Threat Management, Malware

Researchers find new POS malware with no data exfiltration capabilities

Researchers have discovered a point-of-sale malware program, RtPOS, that saves payment card data locally but does not exfiltrate it to a command-and-control server, perhaps so its activity is less likely to be detected as anomalous.

The lack of exfiltration also suggests that the malware is a post-compromise tool that attackers would only use if they've already compromised the target machine and have other means of transmitting the stolen data, according to an Aug. 25 blog post from Booz Allen Hamilton's Managed Threat Services unit. However, it's also possible that RtPOS is merely in development and its exfiltration capabilities simply haven't been added yet.

Based on its 2017 compile time, RtPOS has existed in some form since at least last year. With zero networking capabilities, it can only be found on the victim's infected endpoint. It features a Russian language code, and its file name, alohae.exe, falsely suggests that the malware is really the "Windows Logon Service."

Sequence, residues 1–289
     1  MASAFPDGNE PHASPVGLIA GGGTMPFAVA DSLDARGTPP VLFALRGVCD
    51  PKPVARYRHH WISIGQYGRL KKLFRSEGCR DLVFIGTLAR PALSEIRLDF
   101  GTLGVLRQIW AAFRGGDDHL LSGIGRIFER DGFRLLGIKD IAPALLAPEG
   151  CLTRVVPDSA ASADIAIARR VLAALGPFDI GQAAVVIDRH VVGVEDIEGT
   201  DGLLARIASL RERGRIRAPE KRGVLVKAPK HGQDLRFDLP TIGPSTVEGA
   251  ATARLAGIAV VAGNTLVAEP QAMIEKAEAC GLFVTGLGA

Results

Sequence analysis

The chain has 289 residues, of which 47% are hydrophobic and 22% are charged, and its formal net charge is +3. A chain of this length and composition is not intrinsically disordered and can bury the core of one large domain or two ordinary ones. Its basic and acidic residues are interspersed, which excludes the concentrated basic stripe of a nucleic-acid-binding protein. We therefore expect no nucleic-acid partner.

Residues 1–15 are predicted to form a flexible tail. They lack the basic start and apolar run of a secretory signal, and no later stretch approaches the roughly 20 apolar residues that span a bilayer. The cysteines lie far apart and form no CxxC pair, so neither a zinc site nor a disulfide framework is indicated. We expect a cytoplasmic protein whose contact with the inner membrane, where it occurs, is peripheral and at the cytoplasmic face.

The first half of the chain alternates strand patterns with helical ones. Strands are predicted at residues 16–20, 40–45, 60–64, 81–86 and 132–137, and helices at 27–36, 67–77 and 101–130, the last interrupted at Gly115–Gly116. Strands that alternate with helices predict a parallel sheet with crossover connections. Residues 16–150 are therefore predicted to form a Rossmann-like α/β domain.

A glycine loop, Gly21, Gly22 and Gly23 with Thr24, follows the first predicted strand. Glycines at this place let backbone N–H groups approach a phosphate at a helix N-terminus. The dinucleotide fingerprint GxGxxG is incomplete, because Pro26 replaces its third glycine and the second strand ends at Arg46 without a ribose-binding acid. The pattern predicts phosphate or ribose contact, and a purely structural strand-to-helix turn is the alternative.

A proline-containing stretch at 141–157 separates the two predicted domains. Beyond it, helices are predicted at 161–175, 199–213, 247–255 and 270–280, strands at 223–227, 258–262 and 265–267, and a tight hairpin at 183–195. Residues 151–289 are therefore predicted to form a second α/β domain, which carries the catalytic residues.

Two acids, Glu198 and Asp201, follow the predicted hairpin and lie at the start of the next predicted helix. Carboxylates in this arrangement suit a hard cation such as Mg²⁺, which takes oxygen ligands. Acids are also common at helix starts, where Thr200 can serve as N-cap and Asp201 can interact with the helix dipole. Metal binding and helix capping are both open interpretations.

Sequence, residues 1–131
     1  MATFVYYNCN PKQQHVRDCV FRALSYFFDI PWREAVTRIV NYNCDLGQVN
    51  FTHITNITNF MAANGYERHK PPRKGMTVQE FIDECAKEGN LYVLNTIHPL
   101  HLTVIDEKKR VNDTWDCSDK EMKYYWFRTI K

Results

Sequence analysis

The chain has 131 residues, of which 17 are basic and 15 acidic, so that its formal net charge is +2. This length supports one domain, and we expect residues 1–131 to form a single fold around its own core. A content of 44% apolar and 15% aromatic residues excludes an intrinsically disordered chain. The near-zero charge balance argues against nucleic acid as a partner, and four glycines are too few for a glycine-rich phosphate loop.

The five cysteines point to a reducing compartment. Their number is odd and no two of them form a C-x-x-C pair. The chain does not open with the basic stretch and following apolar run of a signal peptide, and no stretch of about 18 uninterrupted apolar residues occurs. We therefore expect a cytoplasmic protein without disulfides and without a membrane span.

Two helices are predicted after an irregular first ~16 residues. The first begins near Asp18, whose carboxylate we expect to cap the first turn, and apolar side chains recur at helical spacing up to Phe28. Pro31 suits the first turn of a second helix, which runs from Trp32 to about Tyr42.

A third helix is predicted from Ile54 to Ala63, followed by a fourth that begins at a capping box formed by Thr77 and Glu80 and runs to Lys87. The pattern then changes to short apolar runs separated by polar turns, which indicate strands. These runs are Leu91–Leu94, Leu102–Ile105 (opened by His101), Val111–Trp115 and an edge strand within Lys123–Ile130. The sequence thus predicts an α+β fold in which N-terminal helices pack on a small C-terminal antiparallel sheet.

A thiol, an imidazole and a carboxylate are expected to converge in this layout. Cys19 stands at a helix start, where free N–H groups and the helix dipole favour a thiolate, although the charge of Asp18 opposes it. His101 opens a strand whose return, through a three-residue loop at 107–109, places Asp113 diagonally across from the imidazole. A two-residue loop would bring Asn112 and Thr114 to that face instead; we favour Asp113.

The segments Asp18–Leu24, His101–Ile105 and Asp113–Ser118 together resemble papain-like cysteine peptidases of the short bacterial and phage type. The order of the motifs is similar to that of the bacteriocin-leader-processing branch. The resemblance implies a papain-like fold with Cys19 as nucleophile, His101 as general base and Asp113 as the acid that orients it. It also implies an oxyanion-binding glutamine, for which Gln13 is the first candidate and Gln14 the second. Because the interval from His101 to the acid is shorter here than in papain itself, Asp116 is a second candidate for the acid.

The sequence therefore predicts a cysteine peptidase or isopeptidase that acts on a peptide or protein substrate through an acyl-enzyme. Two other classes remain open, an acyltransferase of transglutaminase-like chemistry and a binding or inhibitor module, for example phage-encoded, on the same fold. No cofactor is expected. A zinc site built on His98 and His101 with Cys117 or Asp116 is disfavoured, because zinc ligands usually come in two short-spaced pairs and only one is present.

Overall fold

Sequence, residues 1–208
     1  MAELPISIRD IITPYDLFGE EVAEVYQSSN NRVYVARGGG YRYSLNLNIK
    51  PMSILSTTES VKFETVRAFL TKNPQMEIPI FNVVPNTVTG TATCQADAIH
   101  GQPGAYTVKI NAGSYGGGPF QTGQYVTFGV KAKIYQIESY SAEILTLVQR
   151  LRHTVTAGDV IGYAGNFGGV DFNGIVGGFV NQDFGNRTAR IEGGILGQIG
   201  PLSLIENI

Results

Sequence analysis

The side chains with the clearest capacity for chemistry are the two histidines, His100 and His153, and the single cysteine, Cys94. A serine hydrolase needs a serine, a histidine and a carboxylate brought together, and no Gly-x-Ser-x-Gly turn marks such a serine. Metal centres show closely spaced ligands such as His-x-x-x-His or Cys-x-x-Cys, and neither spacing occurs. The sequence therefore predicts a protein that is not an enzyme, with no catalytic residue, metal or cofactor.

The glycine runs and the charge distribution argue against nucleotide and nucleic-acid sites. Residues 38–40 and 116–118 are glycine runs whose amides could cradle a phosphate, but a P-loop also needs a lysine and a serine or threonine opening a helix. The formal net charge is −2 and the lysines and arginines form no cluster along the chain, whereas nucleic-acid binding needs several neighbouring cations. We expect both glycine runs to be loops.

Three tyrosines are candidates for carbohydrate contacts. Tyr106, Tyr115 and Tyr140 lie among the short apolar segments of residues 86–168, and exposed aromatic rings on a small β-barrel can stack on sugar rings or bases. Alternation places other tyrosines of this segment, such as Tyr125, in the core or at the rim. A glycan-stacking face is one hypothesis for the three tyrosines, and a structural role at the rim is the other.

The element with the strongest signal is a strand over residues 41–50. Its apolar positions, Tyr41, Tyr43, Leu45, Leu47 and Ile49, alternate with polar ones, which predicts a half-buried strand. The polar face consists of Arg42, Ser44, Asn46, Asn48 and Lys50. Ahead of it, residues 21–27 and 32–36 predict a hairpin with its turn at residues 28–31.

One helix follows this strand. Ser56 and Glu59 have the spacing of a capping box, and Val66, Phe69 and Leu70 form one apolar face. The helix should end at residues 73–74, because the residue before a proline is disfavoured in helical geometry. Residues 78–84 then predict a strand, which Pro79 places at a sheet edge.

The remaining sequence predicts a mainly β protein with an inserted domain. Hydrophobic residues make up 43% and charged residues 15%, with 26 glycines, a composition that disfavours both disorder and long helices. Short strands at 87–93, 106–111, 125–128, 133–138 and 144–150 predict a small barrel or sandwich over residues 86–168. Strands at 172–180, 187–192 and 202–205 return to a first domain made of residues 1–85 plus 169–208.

Upon installation, RtPOS "iterates the available/running processes on the compromised machine," the blog post explains. "This is carried out in two steps: first, RtPOS uses CreateToolhelp32Snapshot to obtain a process list, and finally uses Process32FirstW to begin iteration of the process list." 

Later, it uses the ReadProcessMemory function to access the POS system's memory space, presumably in order to perform RAM-scraping on transactions before payment data can be encrypted. The malware then takes any stolen Track 1 and Track 2 data uses a checksum formula to validate the payment card numbers. Those deemed valid are saved in a .dat file in the WindowsSysWOW64 folder for later exfiltration, although the malware itself cannot perform that function.

Bradley Barth

As director of community content at CyberRisk Alliance, Bradley Barth develops content for SC Media online conferences and events, as well as video/multimedia projects. For nearly six years, he wrote and reported for SC Media as deputy editor and, before that, senior reporter. He was previously a program executive with the tech-focused PR firm Voxus. Past journalistic experience includes stints as business editor at Executive Technology, a staff writer at New York Sportscene and a freelance journalist covering travel and entertainment. In his spare time, Bradley also writes screenplays.

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